Recent studies have shown that inflammasomes play a crucial role in regulating IL-1β and IL-18 secretion, and many genetic disorders in their components are responsible for high circulating levels of these cytokines, resulting in autoinflammatory syndromes. The most typical case is cryopyrin-associated periodic syndrome (CAPS), in which specific mutations in the NOD-like receptor NACHT, LRR, and PYD domains-containing protein 3 (NLRP3)10 induce uncontrolled NLRP3 inflammasome activation, which eventually leads to chronic inflammation because of IL-1β hyper-production. Similarly, certain mutations in the NLR family CARD domain-containing protein 4 (NLRC4) evoke periodic fevers of lethal macrophage-activating syndrome (MAS)11,12,13, in which patients suffer from extremely high blood levels of IL-18 in addition to elevated levels of IL-1β. Interestingly, IL-18 levels in NLRC4-MAS patients remain high for a long period, even after IL-1β blockade. These findings reinforce the concept that PPs as important regulators of proinflammatory IL-1β and IL-18.
In addition to NLRC4-MAS, IL-18 is associated with various severe chronic inflammatory diseases such as CAPS, familial Mediterranean fever, adult-onset Still’s disease (AOSD), pyogenic arthritis, pyoderma gangrenosum, acne syndrome, and systemic juvenile idiopathic arthritis with MAS18,19,20,21,22. High blood concentrations of IL-18 are also found in patients with allergic diseases, including bronchial asthma, atopic dermatitis, inflammatory bowel disease, and the X-linked inhibitor of apoptosis (XIAP) deficiency23,24,25,26. Genetic polymorphisms have also been reported in the IL-18 or IL-18 receptor genes of patients with autoimmune diseases, allergic reactions, and neurological/metabolic syndromes27,28,29,30,31.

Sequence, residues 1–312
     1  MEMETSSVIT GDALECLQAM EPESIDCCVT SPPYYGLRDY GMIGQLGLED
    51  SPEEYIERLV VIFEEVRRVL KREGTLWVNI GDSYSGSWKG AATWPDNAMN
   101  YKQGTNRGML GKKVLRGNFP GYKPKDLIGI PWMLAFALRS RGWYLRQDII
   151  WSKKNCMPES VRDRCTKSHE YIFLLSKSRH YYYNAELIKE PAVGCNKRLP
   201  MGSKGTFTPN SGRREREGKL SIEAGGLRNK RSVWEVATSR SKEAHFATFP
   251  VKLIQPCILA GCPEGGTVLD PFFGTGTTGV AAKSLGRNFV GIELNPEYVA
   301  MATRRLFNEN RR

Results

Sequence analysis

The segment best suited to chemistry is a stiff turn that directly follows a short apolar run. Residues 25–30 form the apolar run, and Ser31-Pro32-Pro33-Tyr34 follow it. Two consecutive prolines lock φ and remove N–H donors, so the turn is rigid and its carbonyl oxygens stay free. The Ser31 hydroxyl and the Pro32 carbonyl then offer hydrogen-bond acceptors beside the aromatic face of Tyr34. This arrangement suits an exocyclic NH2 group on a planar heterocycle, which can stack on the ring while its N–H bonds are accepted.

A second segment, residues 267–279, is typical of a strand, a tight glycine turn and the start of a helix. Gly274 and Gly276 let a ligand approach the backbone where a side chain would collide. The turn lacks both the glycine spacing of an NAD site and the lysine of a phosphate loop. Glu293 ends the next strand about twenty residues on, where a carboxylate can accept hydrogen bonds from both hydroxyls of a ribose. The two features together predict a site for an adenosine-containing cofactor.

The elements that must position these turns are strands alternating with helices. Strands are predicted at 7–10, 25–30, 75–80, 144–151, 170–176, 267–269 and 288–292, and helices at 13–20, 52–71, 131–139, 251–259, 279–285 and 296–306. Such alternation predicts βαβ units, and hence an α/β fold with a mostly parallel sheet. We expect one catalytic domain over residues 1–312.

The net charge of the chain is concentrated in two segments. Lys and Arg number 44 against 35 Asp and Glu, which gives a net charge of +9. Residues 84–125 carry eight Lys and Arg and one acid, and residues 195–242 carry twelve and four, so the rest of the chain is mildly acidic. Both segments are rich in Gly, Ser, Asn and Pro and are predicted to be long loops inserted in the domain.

Neutralizing IL-1β by using either anti-IL-1β antibodies (Canakinumab) or engineered soluble receptors (Rilonacept), or by antagonizing the receptor with IL-1Ra (Anakinra), treat IL-1β-related autoinflammatory diseases effectively32,33,34,35. Similarly, anti-IL-18 antibodies inhibit the development of atopic dermatitis and asthma-like phenotypes in mouse models36,37. A recombinant human IL-18-binding protein (IL-18BP, Tadekinig Alfa), an endogenous antagonist of IL-18, is also in mid-late phase clinical trials for AOSD, XIAP deficiency and NLRC4-MAS38,39,40.
Here, we demonstrate an intramolecular interaction between the mature region of IL-18 and its PP, providing a solid framework for further investigations of PPs’ roles in IL-1F ligands’ molecular function. These results also suggest the possibility of developing a new class of peptide-based drugs to treat IL-1F-associated inflammatory diseases.
Construction of expression vectors